Which saves you more money, Original Medicare or Medicare Advantage?
The correct answer is, “it depends.” Both forms of medical coverage have unique costs and benefits. You’ll make your choice based on different factors in your own situation, so there’s no definitive answer to the question.
In this article, we’ll explore Original Medicare, while next week we’ll talk about Medicare Advantage.
First, some definitions.
Original Medicare is, like its name suggests, Medicare in its Original form. Medicare is the federal health insurance program for seniors and certain younger people with disabilities. A small portion of every employee’s paycheck goes toward the Medicare tax, which funds the program. Under Original Medicare, seniors age 65 and older are automatically eligible for coverage in Part A and Part B. Part A covers inpatient services and Part B covers outpatient.
Medicare Advantage (MA) is a private health plan that administers Medicare benefits. Private insurance companies contract with the federal government to provide these plans. MA plans must cover all the services Medicare covers, however they may have different rules, costs and restrictions on the services. In addition, many MA plans offer benefits beyond Original Medicare, such as dental and vision coverage.
Here’s a more detailed overview of each type of plan, and what you can expect to pay:
On the face of it, Original Medicare looks cheaper than MA. If you or your spouse contributed to Social Security for at least 10 years, you get Part A free. Plus, the standard monthly premium for Part B is well below average for comparable private coverage. The monthly premium will change based on your income and whether you’re receiving Social Security benefits at the same time.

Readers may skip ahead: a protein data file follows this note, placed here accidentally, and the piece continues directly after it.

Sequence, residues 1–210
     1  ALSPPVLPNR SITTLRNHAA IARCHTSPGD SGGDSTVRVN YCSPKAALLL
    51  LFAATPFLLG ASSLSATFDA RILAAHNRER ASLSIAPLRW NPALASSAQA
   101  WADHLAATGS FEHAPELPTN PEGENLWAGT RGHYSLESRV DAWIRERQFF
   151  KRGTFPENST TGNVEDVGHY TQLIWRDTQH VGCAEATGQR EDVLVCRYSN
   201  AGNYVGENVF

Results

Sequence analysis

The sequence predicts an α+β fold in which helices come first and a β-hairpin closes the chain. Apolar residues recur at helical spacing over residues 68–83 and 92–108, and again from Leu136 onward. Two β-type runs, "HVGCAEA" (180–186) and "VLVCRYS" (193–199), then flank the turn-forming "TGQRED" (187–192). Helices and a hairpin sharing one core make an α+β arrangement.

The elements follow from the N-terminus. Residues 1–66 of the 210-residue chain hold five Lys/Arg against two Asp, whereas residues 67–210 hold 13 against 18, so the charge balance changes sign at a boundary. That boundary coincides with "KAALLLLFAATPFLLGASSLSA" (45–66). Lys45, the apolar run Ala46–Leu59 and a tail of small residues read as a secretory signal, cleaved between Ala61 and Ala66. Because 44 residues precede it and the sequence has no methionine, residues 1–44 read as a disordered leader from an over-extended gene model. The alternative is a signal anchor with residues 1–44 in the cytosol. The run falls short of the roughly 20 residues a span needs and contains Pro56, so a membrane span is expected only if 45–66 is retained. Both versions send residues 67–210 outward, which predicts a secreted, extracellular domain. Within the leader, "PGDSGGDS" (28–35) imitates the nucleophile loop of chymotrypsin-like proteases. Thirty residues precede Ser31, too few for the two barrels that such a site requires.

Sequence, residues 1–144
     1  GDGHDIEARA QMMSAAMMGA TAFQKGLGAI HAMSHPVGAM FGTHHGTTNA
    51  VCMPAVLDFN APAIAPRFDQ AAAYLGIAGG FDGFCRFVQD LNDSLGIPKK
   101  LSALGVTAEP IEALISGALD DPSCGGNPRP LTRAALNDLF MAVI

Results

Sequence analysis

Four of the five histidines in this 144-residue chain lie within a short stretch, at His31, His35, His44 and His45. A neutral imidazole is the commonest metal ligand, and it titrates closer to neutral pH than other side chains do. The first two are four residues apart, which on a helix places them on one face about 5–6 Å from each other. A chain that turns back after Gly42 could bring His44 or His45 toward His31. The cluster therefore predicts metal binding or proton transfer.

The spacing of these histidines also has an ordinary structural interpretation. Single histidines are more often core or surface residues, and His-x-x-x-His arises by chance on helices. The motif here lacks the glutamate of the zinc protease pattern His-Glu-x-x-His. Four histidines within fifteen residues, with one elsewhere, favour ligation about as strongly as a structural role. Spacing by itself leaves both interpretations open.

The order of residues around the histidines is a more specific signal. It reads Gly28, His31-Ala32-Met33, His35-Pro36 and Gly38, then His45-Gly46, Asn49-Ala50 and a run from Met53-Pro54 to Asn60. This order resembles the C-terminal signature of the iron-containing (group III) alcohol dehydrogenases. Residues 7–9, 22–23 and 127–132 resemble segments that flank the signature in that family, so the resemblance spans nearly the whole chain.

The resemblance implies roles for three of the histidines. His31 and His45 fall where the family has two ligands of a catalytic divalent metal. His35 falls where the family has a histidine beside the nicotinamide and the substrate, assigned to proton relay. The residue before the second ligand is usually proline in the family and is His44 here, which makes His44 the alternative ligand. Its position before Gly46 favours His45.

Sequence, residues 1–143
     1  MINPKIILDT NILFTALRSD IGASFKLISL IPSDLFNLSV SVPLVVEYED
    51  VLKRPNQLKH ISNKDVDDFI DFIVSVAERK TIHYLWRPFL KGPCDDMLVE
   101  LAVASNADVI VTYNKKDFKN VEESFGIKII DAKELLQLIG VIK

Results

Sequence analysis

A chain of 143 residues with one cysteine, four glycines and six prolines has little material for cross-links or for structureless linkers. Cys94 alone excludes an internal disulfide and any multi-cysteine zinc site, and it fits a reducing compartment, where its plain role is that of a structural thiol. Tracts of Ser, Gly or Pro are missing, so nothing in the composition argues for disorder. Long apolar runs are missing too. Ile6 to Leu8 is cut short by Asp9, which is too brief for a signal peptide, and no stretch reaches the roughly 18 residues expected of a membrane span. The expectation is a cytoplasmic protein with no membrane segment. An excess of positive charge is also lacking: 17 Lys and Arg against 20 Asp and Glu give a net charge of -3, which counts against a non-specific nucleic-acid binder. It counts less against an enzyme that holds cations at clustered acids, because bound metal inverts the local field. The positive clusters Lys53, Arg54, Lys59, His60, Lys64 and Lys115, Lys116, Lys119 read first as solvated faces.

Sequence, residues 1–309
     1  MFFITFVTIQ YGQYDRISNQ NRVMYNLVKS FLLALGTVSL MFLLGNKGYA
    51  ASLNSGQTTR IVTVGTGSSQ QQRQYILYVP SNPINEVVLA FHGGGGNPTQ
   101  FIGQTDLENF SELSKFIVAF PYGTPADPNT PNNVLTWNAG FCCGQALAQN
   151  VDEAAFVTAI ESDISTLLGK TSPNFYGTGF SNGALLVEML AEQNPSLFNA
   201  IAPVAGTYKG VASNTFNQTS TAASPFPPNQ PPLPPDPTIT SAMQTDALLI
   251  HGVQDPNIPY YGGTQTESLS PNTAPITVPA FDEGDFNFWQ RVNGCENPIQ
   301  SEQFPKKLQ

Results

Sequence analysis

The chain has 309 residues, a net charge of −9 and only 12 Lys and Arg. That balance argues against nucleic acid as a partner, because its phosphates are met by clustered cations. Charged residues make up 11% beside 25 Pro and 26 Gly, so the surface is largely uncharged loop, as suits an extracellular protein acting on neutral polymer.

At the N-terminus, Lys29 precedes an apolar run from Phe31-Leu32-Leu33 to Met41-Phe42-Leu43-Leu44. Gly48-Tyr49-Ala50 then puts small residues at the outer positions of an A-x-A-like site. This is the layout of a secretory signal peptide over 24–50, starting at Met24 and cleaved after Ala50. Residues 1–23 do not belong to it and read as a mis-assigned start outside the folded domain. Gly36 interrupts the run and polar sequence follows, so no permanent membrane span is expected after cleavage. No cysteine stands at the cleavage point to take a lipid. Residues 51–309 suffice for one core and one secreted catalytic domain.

While Original Medicare’s premiums certainly are low, they don’t present a full picture of the costs you’ll encounter. Medicare has a high cost-sharing ratio that can leave you with thousands of dollars of medical bills. Here’s what you have to pay with Original Medicare:
Medicare starts covering your medical bills after you meet your annual deductible. The Part B deductible is relatively low, just $183 for 2018. The Part A deductible is higher at $1340 per benefit period. (The benefit period ends when you haven’t gotten inpatient care for 60 days in a row, so you can have a few benefit periods in one year.)
Part A Coinsurance
Part A covers inpatient hospital stays at 100% for the first 60 days once you meet your deductible. It covers 100% of skilled nursing care for the first 20 days. After the first 60 and 20 days respectively, there is a coinsurance per day. After 100 days of inpatient care, Part A coverage ends.
Part B Coinsurance
Part B covers 80% of services, leaving the 20% coinsurance for you. Unlike most private insurance plans, there is no yearly limit on your out-of-pocket expenses, so expenses can add up after a while.
Some medical expenses aren’t covered by Medicare at all. These include most prescription drugs, dental care, and vision care.
For some relief from the never-ending coinsurance payment, many Medicare beneficiaries opt to also take out a Medigap plan. Medigap plans are standardized supplemental plans that cover a lot of the out-of-pocket costs. The most popular plans in New Jersey average $100-$150, but you can get a plan for as low as $60 a month.
The other alternative to Medicare’s high out-of-pocket cost is enrolling in a Medicare Advantage plan. Look out for our blog post next week where we’ll discuss the pros and cons of Medicare Advantage.